Tell us about yourself and why do you work at Esperanza?
I was brought to the U.S. when I was almost 2 years old. My mother raised me to believe I was born in the U.S and that I was a citizen of this country. But when I was in college I found out I was born in Guadalajara, Mexico and that I had no legal status in the U.S. My mother shielded me from the truth because she didn’t want me to grow up with the worry and stigma that comes from being undocumented.
That worry and stigma hit me hard once I found out. After graduating from college, I found out how limited I was, institutionally speaking, by the fact that I was undocumented. I wasn’t able to get a job that matched my educational level because I couldn’t show that I had work authorization. I applied to many places, and was even offered positions to work, but couldn’t get past the I-9. I ended up settling for a job at a retail store and then at a fast food restaurant so that I could make some money. I worked at that fast food restaurant as a manager for many years, but I didn’t enjoy it. I didn’t work hard in school my whole life to work in a place that I was not passionate about.
Even simple things were difficult for me to do because the thought of deportation was paralyzing to me. I couldn’t drive without worrying about being pulled over for a broken tail light or for something arbitrary. I decided it would be best not to drive at night because there were a lot of police checkpoints near my town. I didn’t know what would happen to me if I was stopped by a police officer. I thought I might get deported and lose my whole life here. I was afraid to get separated permanently from my family and friends. Before finding out I was undocumented, I had a lot of ambition and confidence, to the point that people thought I was arrogant. But afterward, I was tormented by the thought that my future could be in jeopardy, and it made me recede into myself. I thought it best to reduce the probability of getting deported by just staying at home. I could have probably volunteered at organizations, but I was too afraid to drive myself to them. I had friends, but I was afraid to visit them. My social life was almost non-existent, and a lot of the time I felt really alone.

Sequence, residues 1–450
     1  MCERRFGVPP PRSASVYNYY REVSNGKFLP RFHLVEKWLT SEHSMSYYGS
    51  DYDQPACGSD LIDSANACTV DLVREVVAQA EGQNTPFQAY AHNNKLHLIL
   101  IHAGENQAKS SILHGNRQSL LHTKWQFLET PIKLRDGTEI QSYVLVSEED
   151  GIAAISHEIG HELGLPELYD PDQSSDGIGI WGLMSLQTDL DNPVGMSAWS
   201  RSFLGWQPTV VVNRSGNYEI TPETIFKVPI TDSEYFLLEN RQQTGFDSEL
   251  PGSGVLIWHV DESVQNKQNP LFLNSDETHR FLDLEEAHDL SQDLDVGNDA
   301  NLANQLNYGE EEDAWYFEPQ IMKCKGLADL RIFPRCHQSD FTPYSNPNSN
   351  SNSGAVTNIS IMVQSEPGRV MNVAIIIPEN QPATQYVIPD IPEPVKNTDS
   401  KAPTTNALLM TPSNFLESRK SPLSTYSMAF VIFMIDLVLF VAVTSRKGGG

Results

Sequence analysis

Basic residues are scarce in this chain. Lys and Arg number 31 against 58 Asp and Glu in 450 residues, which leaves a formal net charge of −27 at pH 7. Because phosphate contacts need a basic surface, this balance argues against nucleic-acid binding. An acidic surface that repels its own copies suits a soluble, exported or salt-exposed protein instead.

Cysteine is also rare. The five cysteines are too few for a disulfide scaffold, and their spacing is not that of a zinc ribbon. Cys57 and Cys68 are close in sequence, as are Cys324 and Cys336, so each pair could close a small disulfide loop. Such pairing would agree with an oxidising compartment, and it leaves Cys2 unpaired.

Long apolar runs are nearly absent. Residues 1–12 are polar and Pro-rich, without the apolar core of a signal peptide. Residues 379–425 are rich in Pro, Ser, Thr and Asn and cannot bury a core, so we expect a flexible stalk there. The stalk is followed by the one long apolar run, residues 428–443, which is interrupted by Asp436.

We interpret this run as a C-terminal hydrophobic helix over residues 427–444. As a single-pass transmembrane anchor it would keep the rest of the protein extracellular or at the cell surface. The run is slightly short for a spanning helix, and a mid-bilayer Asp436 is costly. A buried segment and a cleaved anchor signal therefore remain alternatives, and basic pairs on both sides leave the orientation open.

Once DACA came out, I contracted an attorney to help me apply for it. I’m an intelligent person; I’m educated and speak English, but the thought of working on my own case was terrifying. “What if I make a mistake and end up getting put in removal proceedings?” If navigating a complicated immigration system was too difficult for me to do on my own, I couldn’t imagine how other immigrants would do it, especially the ones that don’t speak English, or the ones that didn’t continue their education because they had to work at a young age.
After getting my work authorization I found a job posting for Esperanza as an admin assistant. I saw that the primary goals of Esperanza are to help people in removal proceedings, to defend them in court, and to help them navigate the immigration system. I applied because I wanted to use my talent and skills to help people that probably feel that worry and fear that I felt and knew all too well. I thought I could help spare somebody of all that turmoil. I continue to work at Esperanza because I see myself in the faces of all the people that we serve.
What does Esperanza mean to you?
The literal definition of esperanza is hope, but this organization has redefined the word for me now. Esperanza now means empowerment to me. We help out the undocumented community so much and restore power to the undocumented to help them determine the course of their own lives, free from the fear and worry of deportation, free to commit themselves to the pursuit of happiness. Yes, for the community, Esperanza means empowerment.
But, above all else, in my personal life, Esperanza means redemption.